go away as the spectators of the crucifixion did, with sorrowful, or joyful reflections, which will continue to try their hearts. Though non-professors may imagine, that the sacrament is an unmeaning and trivial ceremony, yet all professors, whether sincere, or insincere, know by experience, that it is a very serious, searching, and interesting ordinance. It displays the justice and mercy of God in the face of Christ, and the sole foundation of pardon and salvation, upon which believers build their future and eternal hopes. It strips all the impenitent and unbelieving of all their self-righteousness, and throws them upon the unpromised mercy of God.
of God. It is extremely interesting to saints, to have their hopes of eternal life confirmed ; and it is no less interesting to sinners, to have their hopes of eternal life destroyed. All communicants know that their future and eternal hopes are tried, are confirmed, or are destroyed, by commemorating the death of Christ, which renders the ordinance above all others, trying, interesting, and solemn,
2. Since the contemplation of Christ's crucifixion has a direct and powerful tendency to suggest a train of serious and interesting reflections, it is peculiarly suited to promote the growth of grace in the hearts of all sincere Christians. It is only in the view of some spiritual and divine objects, that they ever exercise holy and divine affections. It is only in the view of the character, perfections, designs, and operations of God, that they exercise holy and devout affections towards him. It is only in the view of the character, conduct, and sufferings of Christ, that they exercise holy and right affections towards him. It is only in the view of the character, perfections, and official work of the Holy Ghost, that they exercise holy and proper affections towards him. And this is true of every holy and benevolent affection, that it is always exercised towards some object in the view of the mind. It was in the view of God, that Job exercised the deepest humiliation and self-abasement. have heard of thee by the hearing of the ear; but now mine eye seeth thee; wherefore I abhor myself, and repent in dust and ashes." It was in the view of God as sitting on a throne high and lifted up, surrounded by a train of the heavenly hosts, that Isaiah was constrained to view and acknowledge his own vileness and insignificance. It was while the disciples of Christ were freely conversing about his crucifixion and resurrection, and while he, beginning at Moses, and all the prophets, expounded unto them in all the scriptures the things concerning himself, that their hearts burned within them with love, gratitude, and joy. All the great and glorious objects which Job, Isaiah, and the disciples saw and heard, are brought into view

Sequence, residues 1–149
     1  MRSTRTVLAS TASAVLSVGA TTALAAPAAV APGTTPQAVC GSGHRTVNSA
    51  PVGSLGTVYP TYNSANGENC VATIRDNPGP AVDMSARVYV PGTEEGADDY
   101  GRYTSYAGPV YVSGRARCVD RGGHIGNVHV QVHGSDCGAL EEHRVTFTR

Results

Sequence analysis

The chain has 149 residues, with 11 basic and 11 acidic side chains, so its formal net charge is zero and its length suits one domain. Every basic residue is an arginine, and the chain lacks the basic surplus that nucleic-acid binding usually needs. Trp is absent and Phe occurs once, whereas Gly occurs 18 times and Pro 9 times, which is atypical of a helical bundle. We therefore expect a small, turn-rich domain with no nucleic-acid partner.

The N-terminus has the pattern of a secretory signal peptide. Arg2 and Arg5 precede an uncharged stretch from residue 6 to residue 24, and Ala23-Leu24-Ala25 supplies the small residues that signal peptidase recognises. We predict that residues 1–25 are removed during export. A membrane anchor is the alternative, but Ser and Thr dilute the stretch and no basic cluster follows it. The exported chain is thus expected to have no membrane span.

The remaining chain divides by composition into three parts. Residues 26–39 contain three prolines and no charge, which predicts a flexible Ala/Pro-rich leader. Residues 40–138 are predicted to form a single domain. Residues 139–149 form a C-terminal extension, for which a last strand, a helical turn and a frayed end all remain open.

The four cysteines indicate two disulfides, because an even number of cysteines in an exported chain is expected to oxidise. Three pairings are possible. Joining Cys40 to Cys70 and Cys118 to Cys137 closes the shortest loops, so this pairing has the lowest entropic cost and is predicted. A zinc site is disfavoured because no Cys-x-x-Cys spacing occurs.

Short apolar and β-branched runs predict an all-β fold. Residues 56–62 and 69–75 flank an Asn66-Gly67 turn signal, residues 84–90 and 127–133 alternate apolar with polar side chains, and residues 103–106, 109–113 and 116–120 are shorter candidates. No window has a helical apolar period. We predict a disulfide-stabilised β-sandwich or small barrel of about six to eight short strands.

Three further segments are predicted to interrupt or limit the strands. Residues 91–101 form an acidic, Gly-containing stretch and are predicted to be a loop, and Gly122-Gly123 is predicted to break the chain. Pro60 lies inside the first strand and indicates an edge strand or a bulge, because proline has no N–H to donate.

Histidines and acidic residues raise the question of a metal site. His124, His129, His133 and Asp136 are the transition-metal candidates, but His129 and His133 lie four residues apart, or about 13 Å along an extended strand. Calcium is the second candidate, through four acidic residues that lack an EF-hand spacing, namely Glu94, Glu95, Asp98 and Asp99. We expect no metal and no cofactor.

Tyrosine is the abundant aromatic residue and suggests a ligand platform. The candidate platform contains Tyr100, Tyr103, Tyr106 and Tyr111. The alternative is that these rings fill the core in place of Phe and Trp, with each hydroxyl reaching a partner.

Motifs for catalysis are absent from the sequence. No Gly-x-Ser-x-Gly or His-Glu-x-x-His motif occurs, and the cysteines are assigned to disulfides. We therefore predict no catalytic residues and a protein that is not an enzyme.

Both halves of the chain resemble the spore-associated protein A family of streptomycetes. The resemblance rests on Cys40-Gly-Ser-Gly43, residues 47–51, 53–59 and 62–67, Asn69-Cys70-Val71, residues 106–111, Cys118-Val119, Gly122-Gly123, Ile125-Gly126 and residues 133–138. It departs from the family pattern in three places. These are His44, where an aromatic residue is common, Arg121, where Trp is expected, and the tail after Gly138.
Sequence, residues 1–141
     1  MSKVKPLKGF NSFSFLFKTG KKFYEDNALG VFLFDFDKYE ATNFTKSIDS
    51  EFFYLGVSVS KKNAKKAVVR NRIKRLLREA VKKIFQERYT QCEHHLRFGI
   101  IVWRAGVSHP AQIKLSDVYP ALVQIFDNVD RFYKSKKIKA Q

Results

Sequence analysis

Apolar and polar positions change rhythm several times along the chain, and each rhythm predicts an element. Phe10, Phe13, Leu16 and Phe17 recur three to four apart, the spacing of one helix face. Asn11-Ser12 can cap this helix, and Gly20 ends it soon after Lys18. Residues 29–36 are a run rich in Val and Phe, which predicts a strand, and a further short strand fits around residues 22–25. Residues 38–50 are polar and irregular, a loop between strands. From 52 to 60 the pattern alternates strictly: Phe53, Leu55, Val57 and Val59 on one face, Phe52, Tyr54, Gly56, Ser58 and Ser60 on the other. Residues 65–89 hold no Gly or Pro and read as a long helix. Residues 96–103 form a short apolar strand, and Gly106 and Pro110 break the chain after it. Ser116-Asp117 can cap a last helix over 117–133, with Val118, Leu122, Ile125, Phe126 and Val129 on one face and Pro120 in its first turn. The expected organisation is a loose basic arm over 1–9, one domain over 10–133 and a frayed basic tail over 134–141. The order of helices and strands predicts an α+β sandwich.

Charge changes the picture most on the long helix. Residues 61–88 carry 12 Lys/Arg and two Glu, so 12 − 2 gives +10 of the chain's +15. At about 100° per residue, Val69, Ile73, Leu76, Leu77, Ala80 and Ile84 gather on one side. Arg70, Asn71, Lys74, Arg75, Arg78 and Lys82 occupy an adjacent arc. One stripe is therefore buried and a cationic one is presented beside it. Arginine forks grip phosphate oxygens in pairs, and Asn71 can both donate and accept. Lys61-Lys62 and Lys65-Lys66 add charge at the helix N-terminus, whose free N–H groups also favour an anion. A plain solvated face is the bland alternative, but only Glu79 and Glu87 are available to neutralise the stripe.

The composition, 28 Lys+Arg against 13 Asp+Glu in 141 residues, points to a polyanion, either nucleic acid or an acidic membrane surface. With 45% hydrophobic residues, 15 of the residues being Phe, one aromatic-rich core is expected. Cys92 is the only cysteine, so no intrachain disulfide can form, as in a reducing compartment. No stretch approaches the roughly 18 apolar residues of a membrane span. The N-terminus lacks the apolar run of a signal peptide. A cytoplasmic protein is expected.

at the commemoration of Christ's crucifixion; and suited to awaken in the hearts of the communicants the same solemn, holy, and delightful affections. How often have true believers exercised peculiar love to God, to Christ, to his friends, and to his cause, while sitting round his table? How often have they in the same situation, exercised a lively faith in the great and precious promises of the gospel? How often have they exercised deep humiliation and self-abasement for wounding Christ in the house of his friends, and seriously resolved to obey every intimation of his will in time to come ? How often have they carried their views and hearts to heaven, and joyfully anticipated the enjoyments and employments of the spirits of just men made perfect? The sacrament is every way adapted to exhibit such truths and objects as have a happy tendency to draw forth every holy, devout affection of the pious heart; and consequently to promote the edification, comfort, and fruitful
every real Christian. This has been realized by those who have constantly attended the Lord's supper. They have found themselves encouraged, strengthened, and assisted in pursuing their Christian course. And those who have been denied this privilege, have deeply lamented the want of this means of the growth of grace. All the sincere friends of Christ see the wisdom and the grace of Christ, in requiring them to celebrate the memorials of his death, and esteem it a great privilege, that they may attend an ordinance so peculiarly adapted to revive their languishing graces, and to animate and strengthen them in every duty, and to support them in every trial.